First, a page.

2 Guns Movie Review
Who would have ever thought pairing Denzel Washington and Mark Wahlberg for an action-filled buddy cop comedy would work so well? I’ll admit that I for one didn’t have any expectations going into 2 GUNS and perhaps that’s the biggest advice I can give to anyone heading to the theater. 2 GUNS is a breezy, albeit R-rated, good time due not to the story but to the incredible chemistry and talent from our two leads and some genuinely funny BAD BOYS impressionistic style of directing by Baltasar Kormakur.
Naval intelligence officer Marcus Stigman (Mark Wahlberg) and a DEA agent Bobby Trench (Denzel Washington) are undercover as members of a drug syndicate. The only problem is that neither man realizes the other man is undercover. Their criminal partnership comes to a halt when they each try to bust the other after successfully robbing millions from who they believe is the head of a drug cartel. But the two quickly learn that they were only pawns in a much bigger and dangerous scheme set up by very corrupt people with power. They now must work together in order to stay alive and clear their names.
What makes 2 GUNS so much fun is the dynamic chemistry between Wahlberg and Washington. Both are on top of their game providing witty banter and effective humor. The opening scene in particular shows the ease in which the two talented powerhouses are able to interact effortlessly. Washington’s character is moving through a local bank purchasing a safety deposit box, while Wahlberg’s character is across the street at a small diner. They are talking on the phone bantering about what the other should order for breakfast, until Washington strolls his way back to the diner where the pulpy conversation transitions from phone to face-to-face with a natural flow as if the two have known each other for years. The entire time they are making humorous observations about their surroundings while never missing an opportunity to give the other a hard time. Never once does their dialogue reference their task at hand which entails them safely clearing the diner and then blowing the place up without anyone the wiser.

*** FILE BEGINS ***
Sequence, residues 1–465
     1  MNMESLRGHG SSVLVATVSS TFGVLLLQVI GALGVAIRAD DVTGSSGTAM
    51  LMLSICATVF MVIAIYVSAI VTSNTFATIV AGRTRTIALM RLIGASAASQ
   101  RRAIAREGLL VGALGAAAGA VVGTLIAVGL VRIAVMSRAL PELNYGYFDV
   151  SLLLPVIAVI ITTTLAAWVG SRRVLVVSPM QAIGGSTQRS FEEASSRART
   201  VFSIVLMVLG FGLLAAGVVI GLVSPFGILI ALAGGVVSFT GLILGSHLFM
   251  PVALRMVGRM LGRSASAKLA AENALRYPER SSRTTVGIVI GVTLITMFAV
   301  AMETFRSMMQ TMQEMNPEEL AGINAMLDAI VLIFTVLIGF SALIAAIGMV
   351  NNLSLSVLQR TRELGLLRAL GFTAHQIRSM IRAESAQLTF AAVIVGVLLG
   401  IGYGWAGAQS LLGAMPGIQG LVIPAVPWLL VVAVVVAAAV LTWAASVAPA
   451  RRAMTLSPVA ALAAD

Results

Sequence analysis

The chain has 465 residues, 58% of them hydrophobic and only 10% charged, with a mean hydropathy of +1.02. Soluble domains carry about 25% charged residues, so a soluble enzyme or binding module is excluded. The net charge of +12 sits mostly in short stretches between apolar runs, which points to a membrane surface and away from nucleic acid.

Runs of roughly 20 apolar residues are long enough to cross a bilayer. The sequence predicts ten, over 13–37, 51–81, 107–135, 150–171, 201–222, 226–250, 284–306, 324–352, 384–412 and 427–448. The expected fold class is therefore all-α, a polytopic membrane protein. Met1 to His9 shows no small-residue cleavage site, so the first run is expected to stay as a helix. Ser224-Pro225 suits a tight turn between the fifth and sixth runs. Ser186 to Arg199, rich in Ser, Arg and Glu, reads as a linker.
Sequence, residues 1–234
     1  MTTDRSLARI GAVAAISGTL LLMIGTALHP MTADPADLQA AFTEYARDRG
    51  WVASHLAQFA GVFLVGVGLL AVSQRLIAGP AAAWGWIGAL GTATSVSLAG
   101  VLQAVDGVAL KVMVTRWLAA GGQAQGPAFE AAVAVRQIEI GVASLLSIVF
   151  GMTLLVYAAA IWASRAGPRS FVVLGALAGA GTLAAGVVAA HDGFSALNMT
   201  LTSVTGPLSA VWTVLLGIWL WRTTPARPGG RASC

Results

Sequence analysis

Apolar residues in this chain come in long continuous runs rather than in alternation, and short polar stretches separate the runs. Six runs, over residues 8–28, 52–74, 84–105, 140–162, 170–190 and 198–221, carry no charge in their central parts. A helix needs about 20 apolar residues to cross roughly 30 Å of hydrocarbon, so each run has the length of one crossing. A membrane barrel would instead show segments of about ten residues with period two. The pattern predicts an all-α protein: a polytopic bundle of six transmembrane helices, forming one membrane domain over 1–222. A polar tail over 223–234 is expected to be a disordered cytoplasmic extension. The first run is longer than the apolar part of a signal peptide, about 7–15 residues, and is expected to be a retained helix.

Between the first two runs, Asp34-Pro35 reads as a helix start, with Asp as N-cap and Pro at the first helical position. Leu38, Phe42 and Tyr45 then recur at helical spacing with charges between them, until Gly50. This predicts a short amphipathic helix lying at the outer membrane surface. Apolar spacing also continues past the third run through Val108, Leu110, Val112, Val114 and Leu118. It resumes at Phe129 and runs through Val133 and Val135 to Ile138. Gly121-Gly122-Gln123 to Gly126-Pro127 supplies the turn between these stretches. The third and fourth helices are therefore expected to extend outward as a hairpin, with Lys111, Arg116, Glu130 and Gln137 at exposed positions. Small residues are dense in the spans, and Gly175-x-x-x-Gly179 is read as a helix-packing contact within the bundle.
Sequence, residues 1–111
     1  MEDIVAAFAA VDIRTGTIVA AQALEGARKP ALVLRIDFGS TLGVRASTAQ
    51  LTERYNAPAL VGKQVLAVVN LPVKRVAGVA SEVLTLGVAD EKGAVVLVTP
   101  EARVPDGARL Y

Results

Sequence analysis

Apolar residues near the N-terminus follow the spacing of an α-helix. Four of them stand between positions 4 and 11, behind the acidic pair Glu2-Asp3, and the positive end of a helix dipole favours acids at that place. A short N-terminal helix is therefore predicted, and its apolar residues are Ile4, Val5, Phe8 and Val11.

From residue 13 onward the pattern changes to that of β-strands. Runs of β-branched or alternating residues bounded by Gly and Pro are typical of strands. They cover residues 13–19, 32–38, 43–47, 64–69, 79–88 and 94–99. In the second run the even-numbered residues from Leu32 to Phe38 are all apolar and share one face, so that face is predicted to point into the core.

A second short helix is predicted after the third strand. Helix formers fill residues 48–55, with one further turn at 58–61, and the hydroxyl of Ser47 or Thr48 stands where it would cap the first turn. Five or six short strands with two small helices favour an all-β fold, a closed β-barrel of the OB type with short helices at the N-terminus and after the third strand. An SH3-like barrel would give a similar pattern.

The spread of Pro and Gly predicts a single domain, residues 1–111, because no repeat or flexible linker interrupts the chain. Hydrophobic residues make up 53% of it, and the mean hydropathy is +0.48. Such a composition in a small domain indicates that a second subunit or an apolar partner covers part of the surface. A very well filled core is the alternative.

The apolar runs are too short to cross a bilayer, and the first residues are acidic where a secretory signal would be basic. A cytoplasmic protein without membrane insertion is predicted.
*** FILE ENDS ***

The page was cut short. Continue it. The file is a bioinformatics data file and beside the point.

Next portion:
While 2 GUNS isn’t able to sustain the masterful direction and wonderful character development from this particular scene, it definitely keeps the same spirit alive throughout the picture. One can’t help but feel the same delightful joy as Wahlberg’s character gets excited to join forces with Washington’s Bobby when he happily asks, “Does this mean we’re partners again?!” The plot is light with an easy complexity that differs from the usual predictable filler other films of this caliber usually default to. There were a few missed opportunities within some of the clever situations and the film loses some of its steam in the third act where it concentrates on the plot and action more than the comedy. But even there, the little humor is at its most memorable, while the action is an entertaining quadruple Mexican standoff of mostly satisfying proportions.
The supporting work from the multiple villains adds to the fun with Edward James Olmos as the Mexican drug king Papi Creco, James Marsden as a corrupt naval officer, and Bill Paxton as an exceptionally ruthless force to be reckoned with. I can’t say enough good things about Paxton in this role, who every time he came on screen the energy was raised to another level, playing the over-the-top bad guy with skillful glee. The lead characters are fearless, always ready with a quip before blasting out of a crazy situation, which is where 2 GUNS succeeds the most. The actors and filmmakers know exactly what kind of movie they want to make and are unapologetic with their excessive ways. While perhaps not the most memorable or inventive summer movie, overall 2 GUNS is a fun ride that showcases a few unexpected impressive performances in comedy.